universal mechanic for weapon-using classes, like psionic classes and power points, except that not every class is necessarily going to get maneuvers as part of the deal.
I agree with having damage scale as opposed to attack bonuses. 3rd Edition's three separate base attack bonus rates made it a nightmare to balance monsters, especially with melee-oriented characters that dared to multiclass. At least this way more characters will be able to land a hit, though depending on how things scale it might not be a good hit.
On a similar note this allows low-level monsters to remain viable threats, even if it means having to gang up in order to inflict a meaningful amount of damage. Hopefully this means we can avoid having to scale up their level as we did in 4th Edition (resulting in some strange things like level 10 goblins), or spend hours piling on class levels and re-calculating attack bonus, saving throws, skills, feats, and more as with 3rd Edition.
I know that expertise dice started out as the fighter's shtick, but to me it really made a lot of sense to give the rogue (and the monk, and probably some iteration of the ranger, paladin, barbarian, etc) maneuvers; they are simple, dynamic, and for those that took issue with 4th Edition not limited by the encounter or day (though Mearls makes mention of that being a possible optional module near the end...dun dun duuun).
Even so some people are upset that the fighter has to share its nice things, but I do not see an issue with it because maneuvers are not universally available; a rogue cannot take Deadly Strike (so the fighter gets to regularly burn dice to dish out bonus damage), fighters cannot take Skill Mastery, and only monks can run on water thanks to Step of the Wind. So even ignoring class features, to a point there is some form of niche protection, though I wonder how well things will be preserved with multiclassing.
While I am all for giving the fighter some more iconic features, I think Parry is a pretty boring way to go about it. What about swashbuckling rogues? What about monks slapping aside swords with their bare hands? What about armor? I hear a lot of complaints about how a good Dex and light armor is better than going the heavy route, so why not give them options that make them even better in heavy armor, such as damage resistance or even just a plain ol' AC boost?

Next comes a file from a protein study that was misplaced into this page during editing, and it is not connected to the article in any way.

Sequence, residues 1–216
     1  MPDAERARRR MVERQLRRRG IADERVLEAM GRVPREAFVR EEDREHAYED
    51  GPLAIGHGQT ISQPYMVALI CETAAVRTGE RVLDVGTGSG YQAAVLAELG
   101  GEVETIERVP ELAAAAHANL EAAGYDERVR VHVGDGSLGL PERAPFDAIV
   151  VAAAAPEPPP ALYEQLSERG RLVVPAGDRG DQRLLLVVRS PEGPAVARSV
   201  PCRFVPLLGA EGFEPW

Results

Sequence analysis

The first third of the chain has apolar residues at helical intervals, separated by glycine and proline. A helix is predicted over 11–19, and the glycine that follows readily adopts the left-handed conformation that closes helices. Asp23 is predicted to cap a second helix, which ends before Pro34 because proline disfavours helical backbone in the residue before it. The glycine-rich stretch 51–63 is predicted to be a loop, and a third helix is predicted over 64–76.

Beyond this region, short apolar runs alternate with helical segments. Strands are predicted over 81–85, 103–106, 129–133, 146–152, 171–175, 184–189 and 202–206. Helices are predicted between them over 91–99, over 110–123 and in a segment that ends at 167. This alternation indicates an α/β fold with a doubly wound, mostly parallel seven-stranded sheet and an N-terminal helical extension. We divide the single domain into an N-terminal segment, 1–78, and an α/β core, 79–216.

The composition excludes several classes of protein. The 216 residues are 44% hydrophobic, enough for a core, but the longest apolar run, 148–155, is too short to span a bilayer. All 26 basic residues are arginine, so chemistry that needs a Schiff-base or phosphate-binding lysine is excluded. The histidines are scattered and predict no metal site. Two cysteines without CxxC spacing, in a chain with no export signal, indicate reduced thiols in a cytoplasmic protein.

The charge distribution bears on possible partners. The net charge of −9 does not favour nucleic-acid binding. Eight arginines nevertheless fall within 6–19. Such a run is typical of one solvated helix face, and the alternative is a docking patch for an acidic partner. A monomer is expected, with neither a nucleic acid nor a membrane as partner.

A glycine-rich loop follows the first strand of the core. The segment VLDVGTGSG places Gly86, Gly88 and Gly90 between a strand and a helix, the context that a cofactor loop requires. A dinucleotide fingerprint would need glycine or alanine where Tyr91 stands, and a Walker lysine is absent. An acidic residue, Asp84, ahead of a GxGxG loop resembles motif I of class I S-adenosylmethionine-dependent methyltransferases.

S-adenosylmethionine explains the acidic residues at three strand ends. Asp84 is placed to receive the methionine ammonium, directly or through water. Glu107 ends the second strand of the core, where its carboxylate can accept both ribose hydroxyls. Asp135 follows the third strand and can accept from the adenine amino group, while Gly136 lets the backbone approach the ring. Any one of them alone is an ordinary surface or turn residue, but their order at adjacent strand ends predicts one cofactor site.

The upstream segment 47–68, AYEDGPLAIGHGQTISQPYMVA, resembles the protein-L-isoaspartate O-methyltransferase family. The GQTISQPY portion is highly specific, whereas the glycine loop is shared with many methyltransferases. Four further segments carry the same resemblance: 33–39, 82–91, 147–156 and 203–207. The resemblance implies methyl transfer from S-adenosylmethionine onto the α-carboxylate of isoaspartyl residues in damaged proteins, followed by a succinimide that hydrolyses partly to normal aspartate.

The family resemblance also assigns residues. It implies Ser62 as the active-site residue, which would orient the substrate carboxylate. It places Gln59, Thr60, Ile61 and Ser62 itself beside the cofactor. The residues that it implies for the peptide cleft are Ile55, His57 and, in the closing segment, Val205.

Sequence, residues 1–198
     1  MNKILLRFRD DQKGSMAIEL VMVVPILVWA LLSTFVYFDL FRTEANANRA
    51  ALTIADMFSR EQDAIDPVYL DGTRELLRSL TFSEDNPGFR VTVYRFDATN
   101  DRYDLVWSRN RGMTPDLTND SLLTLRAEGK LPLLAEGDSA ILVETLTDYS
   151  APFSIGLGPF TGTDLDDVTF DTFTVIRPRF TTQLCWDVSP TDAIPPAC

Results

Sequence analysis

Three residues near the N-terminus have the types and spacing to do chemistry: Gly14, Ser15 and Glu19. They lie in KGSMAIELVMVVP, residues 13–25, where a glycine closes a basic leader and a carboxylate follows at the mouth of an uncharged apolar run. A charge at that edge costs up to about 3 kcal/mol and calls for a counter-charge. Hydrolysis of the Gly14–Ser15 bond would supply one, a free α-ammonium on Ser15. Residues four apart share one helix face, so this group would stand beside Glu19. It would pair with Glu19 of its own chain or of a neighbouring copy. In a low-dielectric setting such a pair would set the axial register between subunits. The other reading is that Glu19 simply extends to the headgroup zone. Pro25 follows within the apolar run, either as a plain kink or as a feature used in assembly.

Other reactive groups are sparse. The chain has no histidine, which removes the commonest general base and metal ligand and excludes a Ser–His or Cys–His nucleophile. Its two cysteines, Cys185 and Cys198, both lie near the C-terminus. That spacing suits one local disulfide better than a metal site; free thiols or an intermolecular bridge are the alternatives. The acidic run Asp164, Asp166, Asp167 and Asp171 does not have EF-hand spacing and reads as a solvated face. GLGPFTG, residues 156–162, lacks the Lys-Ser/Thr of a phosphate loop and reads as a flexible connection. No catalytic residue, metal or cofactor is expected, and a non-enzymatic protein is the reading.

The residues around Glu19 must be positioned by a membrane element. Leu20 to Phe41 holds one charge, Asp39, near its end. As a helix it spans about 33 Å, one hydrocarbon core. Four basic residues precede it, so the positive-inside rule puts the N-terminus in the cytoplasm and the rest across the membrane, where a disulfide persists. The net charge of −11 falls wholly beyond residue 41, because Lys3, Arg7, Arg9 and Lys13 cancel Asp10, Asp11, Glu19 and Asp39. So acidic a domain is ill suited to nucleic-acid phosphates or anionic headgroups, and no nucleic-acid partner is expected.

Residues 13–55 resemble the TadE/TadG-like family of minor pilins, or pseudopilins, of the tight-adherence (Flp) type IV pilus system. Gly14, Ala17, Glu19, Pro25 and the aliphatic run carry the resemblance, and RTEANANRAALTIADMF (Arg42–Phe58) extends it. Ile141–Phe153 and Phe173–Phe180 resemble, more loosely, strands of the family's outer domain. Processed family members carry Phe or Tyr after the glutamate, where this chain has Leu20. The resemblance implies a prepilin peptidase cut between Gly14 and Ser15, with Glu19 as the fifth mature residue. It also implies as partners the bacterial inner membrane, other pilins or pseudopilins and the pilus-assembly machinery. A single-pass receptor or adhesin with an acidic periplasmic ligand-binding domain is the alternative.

I am baffled that some might think that expertise dice are too complicated. Are players really forgetting if they used one or two dice less than a minute ago? Do not get me wrong, I am all for giving the fighter full access to dice for actions and reactions (some would argue that it is better to just use them for bonus damage instead of anything else, so this would encourage people to use things like Parry and Protect), I just cannot believe that it is because it is too difficult to keep track of.
Feats giving out extra maneuvers sounds interesting, but if they are all fueled by expertise dice then it still restricts it to certain classes. Granted if more classes have access to expertise dice it will at least end up being a lot more flexible than in past editions (even 4th Edition, which made it very easy to make functional duel-wielding fighters, rangers, barbarians, and maybe something else I am forgetting about).
Maybe if said feats granted bonus expertise dice? Actually, I wonder how expertise dice will scale through multiclassing; it would suck to take a second attack that does all of 1d4 damage at 5th-level.
Speaking of scaling, another issue is how magic works in the bigger picture given that most spells do not scale. They do one thing, no matter what level you are. In past editions many spells automatically scaled, often with a damage cap. An iconic example is fireball, which dealt 1d6 damage per level, up to 10d6. In 4th Edition this was also handled via power swapping: eventually you got to a point where you could exchange one power for another (though a few powers scaled up automatically).
Not so in In 5th Edition where there are only like, two spells that I can think of that scale--magic missile and thunderwave--and that is only if you memorize them using higher-level spell slots. There are still a couple potent save-or-screws, such as hold person and polymorph but, eh...if you follow this blog at all then you know that for me the traditional D&D magic system is another can of worms entirely.
In short I am behind the idea of scaling damage instead of attack bonuses and dice-fueled maneuvers, so long as they are thematically tied to class. I can also get behind feat-granted maneuvers, though it depends on how it gets executed. Same goes for the optional encounter/daily stuff. As always, magic needs a major overhaul.